Progress is being made in Youngstown schools; levy should be passed
Frankly, this newspaper's editorial board was not inclined to endorse passage of the 9.5-mill operating levy for Youngstown schools that will appear on the Nov. 7 ballot, and we suspect that a lot of taxpayers who pay a lot less in property taxes than this company feel the same.
But after hearing out Superintendent Wendy Webb and Board President Michael Write, we are convinced that the people who are charged today with educating Youngstown's students are sincere, thoughtful, realistic and working hard to improve the Youngstown City School District.
We have disagreed with the board of education in the past. Several years ago, the board approved wage and benefit contracts which it could afford at the time, but which we predicted it would not be able to afford in the future. We were right.
When it came time to hire a new superintendent, we strongly advised that the board conduct an aggressive national search. The board chose to promote from within, and gave the job to Dr. Webb. We will happy to be proved wrong in our belief that talent from outside the system was needed to solve the enormous problems facing the city school district. Webb may be able to do so.
She is caught between contract costs that the district cannot avoid for the present and that are not of her making. She faces the challenge of opening new schools that were largely financed with state money and closing old schools, which holds the promise for savings in the future. Unfortunately, at the same time, the district has seen huge losses in state revenue as 2,600 students have been lured from city classrooms into 23 different competing community schools, including four "virtual schools," which provide instruction via computer. The district is losing $17 million in state funds to the charter schools -- and in most cases the charter schools are performing no better than the public schools, and in some cases worse.
And she must compete with suburban school districts, many of which have higher pay scales, for teachers in her schools.
The starting point
Webb inherited a school district that was in academic emergency. It has improved to academic watch, and she says that within a year the district will achieve a rating of continuous improvement.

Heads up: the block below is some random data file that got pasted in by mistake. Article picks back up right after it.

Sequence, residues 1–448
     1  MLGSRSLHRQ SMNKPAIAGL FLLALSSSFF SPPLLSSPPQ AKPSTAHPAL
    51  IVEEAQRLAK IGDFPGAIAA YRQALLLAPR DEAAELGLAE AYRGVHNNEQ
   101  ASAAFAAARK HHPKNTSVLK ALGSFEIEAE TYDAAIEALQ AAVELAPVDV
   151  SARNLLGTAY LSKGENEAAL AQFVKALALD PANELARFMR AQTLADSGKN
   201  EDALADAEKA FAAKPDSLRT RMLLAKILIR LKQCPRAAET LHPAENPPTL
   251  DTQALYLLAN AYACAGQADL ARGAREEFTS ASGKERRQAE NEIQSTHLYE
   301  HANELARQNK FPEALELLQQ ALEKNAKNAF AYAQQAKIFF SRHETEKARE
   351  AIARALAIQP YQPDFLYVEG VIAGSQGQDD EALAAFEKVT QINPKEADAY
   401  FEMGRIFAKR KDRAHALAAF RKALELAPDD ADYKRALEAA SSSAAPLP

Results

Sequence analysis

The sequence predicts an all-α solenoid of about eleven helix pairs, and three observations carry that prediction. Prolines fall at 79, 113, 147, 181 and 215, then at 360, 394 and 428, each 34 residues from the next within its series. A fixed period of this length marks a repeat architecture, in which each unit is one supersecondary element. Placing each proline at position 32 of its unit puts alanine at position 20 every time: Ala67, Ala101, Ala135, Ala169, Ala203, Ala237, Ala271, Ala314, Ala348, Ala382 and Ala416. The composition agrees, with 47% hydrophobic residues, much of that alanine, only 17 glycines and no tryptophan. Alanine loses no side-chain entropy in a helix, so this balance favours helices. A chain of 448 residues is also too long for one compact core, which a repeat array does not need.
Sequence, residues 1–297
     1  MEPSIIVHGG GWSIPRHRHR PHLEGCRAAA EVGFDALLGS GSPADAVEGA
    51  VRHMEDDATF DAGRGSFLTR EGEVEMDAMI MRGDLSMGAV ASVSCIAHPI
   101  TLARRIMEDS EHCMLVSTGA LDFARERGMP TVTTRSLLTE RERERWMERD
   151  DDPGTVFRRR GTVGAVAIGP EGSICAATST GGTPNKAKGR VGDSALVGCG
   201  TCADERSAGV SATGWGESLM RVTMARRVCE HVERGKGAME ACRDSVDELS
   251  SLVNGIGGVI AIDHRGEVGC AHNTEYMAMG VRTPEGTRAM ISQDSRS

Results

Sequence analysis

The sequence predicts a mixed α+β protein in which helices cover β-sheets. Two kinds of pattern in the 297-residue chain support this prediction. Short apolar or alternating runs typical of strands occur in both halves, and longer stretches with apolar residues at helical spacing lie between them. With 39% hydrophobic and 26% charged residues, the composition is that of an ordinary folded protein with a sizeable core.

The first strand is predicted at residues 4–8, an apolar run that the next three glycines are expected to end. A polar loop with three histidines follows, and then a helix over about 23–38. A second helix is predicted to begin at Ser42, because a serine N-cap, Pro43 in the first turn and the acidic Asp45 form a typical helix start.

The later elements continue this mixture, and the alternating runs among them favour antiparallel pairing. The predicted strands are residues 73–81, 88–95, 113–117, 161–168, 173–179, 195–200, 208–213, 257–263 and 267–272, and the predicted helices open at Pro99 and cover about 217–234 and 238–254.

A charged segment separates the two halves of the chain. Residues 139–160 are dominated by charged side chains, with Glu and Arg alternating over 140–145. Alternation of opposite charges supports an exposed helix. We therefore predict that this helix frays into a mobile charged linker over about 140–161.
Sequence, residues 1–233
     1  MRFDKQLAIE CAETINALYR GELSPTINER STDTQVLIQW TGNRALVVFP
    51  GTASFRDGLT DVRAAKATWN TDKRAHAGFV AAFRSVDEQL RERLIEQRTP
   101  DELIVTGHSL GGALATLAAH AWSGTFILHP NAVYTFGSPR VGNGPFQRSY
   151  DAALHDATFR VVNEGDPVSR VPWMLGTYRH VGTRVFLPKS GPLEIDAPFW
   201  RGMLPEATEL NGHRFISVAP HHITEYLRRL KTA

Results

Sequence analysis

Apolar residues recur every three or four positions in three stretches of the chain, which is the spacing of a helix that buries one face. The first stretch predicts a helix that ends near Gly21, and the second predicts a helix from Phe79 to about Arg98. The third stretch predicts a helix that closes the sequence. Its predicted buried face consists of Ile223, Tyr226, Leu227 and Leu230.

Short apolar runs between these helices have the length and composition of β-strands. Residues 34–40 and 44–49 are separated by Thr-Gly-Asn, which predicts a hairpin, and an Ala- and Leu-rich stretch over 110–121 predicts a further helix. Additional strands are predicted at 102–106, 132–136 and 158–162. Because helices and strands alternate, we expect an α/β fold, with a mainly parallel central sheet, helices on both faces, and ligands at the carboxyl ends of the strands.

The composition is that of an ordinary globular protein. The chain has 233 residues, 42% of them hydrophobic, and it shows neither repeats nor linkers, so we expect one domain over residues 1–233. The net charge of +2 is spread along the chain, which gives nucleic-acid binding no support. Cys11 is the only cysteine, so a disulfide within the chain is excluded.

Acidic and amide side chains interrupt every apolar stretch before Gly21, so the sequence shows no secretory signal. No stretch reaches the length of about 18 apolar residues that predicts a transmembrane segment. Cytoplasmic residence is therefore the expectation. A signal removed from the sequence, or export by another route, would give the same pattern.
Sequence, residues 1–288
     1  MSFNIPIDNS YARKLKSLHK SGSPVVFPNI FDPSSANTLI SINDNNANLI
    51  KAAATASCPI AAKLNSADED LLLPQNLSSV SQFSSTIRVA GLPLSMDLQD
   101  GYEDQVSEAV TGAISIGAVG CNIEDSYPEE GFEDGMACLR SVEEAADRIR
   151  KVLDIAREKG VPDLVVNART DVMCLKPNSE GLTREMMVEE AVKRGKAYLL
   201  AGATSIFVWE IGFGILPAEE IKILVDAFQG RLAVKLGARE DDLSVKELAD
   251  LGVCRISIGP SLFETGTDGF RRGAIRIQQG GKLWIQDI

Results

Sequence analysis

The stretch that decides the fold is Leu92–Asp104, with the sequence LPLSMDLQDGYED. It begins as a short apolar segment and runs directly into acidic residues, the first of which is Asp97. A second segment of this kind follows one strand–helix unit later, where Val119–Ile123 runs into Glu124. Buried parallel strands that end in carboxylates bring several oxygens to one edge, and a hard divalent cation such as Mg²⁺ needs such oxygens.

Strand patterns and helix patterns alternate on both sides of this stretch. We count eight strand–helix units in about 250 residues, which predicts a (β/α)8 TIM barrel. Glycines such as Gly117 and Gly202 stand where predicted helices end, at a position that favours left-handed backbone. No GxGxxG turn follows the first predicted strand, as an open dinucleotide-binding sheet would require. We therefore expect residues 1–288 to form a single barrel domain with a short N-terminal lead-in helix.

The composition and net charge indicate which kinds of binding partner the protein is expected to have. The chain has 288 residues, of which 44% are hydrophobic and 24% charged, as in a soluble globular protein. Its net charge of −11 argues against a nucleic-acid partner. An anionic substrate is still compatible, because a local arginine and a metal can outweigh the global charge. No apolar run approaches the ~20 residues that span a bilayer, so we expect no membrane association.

It has already made strides in several areas, including attendance and graduation rates, and can be proud of its innovative Youngstown Early College program at Youngstown State University.
The district has also attempted to address its fiscal problems. It has implemented $8.5 million in staff and other reductions for this year and has drawn up plans for an additional $14 million in similar cuts over the next two years.
Still, it will need the $3.6 million per year in additional operating money that would be produced by 8.5 mills of the 9.5-mill levy. One mill will be set aside for permanent improvements.
That is not an inconsequential amount, and the cost to city taxpayers will not be inconsequential.
The annual cost will be $55 on a home valued at $20,000; $165 on a home worth $65,000 and $274 on a $100,000 house.
Webb and Write, however, say they are committed to spending these additional tax dollars wisely. They say school employees know that cuts have been made, that more cuts are coming and that the employees will have to pay toward their hospitalization.
The district also knows that even if the levy passes, the state will be looking over the local district's shoulder because the district will likely remain under fiscal watch. If the levy fails, however, the district will go into fiscal emergency, and local control will be lost to the state.
We believe Webb, the board, and other employees -- from the administration office, to the classrooms to the maintenance room -- understand that changes must be made and improvement must be demonstrated.
That can't be done without the revenue that would be produced through passage of the levy. For that reason, The Vindicator urges a yes vote on the 9.5-mill levy for Youngstown city schools.